Maribel Caves Hotel offered rest, relaxation, reinvigoration
By: Alex Sekora
The Maribel Caves Hotel was built in 1900 by Charles Steinbrecker, an Austrian immigrant, who modeled the hotel on resorts from his home country. The hotel was even built in a style reminiscent of his home country, a style not as familiar in the United States which gave it an old world appearance.
With a mineral spring on the property, the hotel operated as a restful resort, where guests could take a break from daily life and become reinvigorated. In the early 1900s, the resort was marketed using the slogan “Typical Country - Forest and Stream. Just the place for the weary to seek.”
The hotel would have been an early adopter of indoor plumbing, using hydraulic rams to pump the spring water located nearby up to the hotel. In marketing materials, the hotel touted having “bath, toilets on each floor, water works…in fact, everything that is to be found in the palatial homes of to-day.”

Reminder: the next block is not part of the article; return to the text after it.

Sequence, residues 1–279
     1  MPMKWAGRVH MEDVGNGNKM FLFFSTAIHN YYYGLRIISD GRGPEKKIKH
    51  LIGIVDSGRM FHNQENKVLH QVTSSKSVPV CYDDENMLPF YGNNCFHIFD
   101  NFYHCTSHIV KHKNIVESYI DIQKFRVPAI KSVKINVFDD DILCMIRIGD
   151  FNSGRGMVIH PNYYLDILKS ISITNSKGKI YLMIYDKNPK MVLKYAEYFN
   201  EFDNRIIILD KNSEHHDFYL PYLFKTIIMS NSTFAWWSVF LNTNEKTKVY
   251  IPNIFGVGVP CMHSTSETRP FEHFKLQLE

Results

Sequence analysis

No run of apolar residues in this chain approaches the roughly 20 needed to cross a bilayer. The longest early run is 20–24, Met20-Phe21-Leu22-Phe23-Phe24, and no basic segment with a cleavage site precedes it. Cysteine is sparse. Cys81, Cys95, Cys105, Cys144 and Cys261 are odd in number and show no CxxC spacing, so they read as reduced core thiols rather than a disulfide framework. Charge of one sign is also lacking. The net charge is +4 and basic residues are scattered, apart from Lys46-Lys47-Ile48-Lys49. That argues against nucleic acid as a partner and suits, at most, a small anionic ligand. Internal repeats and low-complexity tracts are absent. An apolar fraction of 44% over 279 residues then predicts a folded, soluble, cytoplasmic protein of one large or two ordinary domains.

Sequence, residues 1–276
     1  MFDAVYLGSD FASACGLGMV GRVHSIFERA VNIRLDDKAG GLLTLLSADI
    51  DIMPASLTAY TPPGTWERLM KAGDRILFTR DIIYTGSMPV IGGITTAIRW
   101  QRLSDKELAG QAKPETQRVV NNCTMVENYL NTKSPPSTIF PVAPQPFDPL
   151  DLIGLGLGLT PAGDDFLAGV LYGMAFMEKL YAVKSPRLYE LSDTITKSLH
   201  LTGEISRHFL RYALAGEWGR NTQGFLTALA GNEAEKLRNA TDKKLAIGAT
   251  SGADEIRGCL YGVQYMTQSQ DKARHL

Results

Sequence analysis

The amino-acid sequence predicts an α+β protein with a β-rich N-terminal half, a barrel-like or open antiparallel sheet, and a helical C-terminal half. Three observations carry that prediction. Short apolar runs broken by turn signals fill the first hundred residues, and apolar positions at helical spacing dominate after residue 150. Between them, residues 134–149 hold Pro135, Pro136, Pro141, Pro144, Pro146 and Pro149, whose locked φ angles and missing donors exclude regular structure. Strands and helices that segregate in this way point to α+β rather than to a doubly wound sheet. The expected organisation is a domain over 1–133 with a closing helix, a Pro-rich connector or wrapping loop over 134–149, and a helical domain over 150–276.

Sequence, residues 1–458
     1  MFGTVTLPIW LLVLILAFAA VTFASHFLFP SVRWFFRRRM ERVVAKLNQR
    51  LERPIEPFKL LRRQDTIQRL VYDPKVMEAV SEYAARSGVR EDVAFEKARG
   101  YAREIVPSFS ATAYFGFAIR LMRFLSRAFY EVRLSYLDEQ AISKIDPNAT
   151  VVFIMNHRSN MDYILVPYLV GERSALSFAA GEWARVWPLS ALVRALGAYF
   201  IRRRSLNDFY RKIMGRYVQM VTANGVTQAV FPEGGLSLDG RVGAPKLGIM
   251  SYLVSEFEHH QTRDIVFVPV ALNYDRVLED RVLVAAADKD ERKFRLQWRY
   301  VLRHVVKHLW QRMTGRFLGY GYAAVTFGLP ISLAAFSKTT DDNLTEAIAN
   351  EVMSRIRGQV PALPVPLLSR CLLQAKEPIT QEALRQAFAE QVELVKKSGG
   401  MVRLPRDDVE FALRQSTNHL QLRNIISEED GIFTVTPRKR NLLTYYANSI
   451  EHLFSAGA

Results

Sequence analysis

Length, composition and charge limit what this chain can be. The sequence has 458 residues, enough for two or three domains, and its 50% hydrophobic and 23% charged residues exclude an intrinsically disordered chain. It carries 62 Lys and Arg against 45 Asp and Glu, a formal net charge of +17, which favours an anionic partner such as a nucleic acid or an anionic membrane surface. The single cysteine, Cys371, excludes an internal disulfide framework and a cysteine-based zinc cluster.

While the accommodations were luxurious, the real draw of the resort was the mineral spring water. The hotel had the spring water tested by a chemist at the University of Wisconsin, and it was found to contain abundant minerals such as sodium chloride, potassium chloride, sodium sulfate, sodium bicarbonate, iron bicarbonate, calcium bicarbonate, magnesium bicarbonate, and aluminum oxide. It was claimed that the waters helped aid digestion and the elimination of unhealthful matter from the body. Besides being used at the hotel, the spring water was canned and bottled and was shipped to restaurants and hotels in Milwaukee and Chicago.
The opening of the Chicago & Northwestern Railway in 1906 helped provide a boost in business for the resort, but it was not long lasting. Within several years, the hotel and bottling company began to go under. The resort had its fifteen minutes of fame and unfortunately began its decline. The hotel began to be leased, and in 1931 the hotel was sold in a Sheriff's auction to Adolph Cherney.